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Two Ingredient Chocolate Mousse: A Review of Two Types. Let the Taste Test Begin!

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I have been making the same chocolate mousse recipe for years.  I don't even remember how I came up with it.  Maybe it was from eating some of my "batter" in my experiments in trying to make up a chocolate soufflé recipe.  Maybe not.  I think I actually sort of made it up when I was on a diet years back.  I was able to eat egg whites in the morning, but I don't particularly like egg whites, so I would make them into merengues.  Little by little, I added different flavorings to them.  I added cocoa powder and artificial sweeteners to make a sort of chocolate mousse that had to be eaten immediately or it would separate.
Eventually, I ditched that lifestyle.  I ditched artificial sweeteners and added the yolks back into my eggs.  I added in some real, dark chocolate into the mix, to help stabilize the mousse and keep it from separating, and finally got a really great dessert that my husband always begs me to make.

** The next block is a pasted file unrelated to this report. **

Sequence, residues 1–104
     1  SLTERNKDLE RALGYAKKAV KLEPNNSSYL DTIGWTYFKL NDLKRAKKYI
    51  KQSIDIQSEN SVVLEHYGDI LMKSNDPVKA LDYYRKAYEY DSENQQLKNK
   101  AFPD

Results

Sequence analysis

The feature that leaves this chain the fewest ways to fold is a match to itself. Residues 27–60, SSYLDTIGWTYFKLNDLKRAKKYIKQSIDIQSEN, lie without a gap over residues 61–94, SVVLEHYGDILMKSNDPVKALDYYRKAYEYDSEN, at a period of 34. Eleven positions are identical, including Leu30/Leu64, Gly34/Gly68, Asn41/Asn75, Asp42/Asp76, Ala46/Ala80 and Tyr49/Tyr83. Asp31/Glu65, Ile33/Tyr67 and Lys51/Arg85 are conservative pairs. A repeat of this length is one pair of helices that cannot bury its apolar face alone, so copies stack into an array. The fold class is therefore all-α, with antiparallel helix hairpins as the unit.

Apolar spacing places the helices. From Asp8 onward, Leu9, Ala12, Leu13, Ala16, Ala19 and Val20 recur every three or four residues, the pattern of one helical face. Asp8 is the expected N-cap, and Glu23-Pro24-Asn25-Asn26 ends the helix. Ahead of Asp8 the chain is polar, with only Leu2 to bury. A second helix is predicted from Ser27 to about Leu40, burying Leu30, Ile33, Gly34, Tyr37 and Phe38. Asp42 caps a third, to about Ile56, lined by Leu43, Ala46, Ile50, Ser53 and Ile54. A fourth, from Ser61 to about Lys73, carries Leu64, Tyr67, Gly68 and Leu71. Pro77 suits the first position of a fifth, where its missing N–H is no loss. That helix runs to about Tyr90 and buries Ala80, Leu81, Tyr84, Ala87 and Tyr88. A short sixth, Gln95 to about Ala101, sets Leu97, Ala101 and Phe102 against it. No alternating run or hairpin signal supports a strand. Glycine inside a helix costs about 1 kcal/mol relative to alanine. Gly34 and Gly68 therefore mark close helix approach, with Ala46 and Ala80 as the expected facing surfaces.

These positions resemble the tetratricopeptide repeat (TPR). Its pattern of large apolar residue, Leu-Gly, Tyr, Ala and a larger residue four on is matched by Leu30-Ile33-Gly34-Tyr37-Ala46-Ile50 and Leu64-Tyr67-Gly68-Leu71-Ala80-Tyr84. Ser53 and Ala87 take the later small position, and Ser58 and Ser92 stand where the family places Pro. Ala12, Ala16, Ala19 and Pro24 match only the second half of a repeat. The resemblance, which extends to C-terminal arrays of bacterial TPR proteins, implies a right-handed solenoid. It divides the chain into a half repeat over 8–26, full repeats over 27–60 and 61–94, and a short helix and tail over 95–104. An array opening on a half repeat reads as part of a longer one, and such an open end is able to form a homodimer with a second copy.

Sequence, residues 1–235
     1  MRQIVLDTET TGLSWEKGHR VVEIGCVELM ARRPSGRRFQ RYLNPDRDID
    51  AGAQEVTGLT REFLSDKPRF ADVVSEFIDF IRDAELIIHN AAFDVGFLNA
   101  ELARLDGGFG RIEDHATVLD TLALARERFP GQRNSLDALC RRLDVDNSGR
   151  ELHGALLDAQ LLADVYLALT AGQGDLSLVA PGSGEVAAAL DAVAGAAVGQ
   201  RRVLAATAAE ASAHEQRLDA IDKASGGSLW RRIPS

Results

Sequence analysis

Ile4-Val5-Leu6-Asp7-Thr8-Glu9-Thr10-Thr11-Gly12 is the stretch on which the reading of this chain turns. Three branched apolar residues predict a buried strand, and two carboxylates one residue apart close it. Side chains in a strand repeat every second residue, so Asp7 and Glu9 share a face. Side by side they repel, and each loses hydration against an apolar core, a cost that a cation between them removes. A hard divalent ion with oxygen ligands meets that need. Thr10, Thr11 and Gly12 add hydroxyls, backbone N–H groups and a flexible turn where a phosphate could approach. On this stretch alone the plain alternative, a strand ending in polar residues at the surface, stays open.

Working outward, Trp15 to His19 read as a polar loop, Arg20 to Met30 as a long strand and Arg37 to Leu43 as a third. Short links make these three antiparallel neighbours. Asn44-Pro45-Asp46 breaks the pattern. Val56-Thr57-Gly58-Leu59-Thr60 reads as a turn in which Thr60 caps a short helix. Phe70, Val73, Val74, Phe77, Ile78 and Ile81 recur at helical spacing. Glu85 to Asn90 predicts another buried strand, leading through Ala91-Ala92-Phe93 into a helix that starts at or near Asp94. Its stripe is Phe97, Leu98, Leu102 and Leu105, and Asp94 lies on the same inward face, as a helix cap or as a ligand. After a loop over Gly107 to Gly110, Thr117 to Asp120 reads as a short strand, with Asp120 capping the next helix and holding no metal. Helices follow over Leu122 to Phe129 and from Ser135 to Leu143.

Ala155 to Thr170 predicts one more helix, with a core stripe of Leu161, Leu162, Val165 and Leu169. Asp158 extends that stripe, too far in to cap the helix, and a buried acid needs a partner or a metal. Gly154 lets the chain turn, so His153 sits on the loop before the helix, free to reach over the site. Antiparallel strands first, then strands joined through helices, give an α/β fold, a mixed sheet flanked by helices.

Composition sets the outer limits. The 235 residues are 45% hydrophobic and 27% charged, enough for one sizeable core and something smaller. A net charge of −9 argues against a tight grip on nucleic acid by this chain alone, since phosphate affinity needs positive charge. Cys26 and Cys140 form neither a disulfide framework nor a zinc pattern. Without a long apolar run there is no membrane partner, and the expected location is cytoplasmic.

I make this mousse or flan whenever I want to use up a bunch of my hens' eggs.  Since part of the eggs stay raw, I like to use my fresher eggs, just in case.  I never had a problem using supermarket eggs, though before I got my hens.

Chocolate Mousse 1

Ingredients:

4 eggs
100g of dark chocolate

I usually double the recipe.  The part that takes me the longest is probably separating the eggs- seriously!  This mousse is very easy to make.
 
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Step 1: Step 1: Whip the Egg Whites

Picture of Step 1: Whip the Egg Whites
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So, begin by separating the eggs.  Whip the egg whites into stiff peaks.

Step 2: Step 2: Melt the Chocolate

Picture of Step 2: Melt the Chocolate
Meanwhile, in another bowl, melt the chocolate in the microwave.

Step 3: Step 3: Mix the Yolks into the Chocolate

Picture of Step 3: Mix the Yolks into the Chocolate
As soon as it is melted, pour the egg yolks into the chocolate, and immediately stir them into it. Don't let the yolks sit on the hot chocolate without mixing, or they may begin to cook and not smoothly incorporate into it.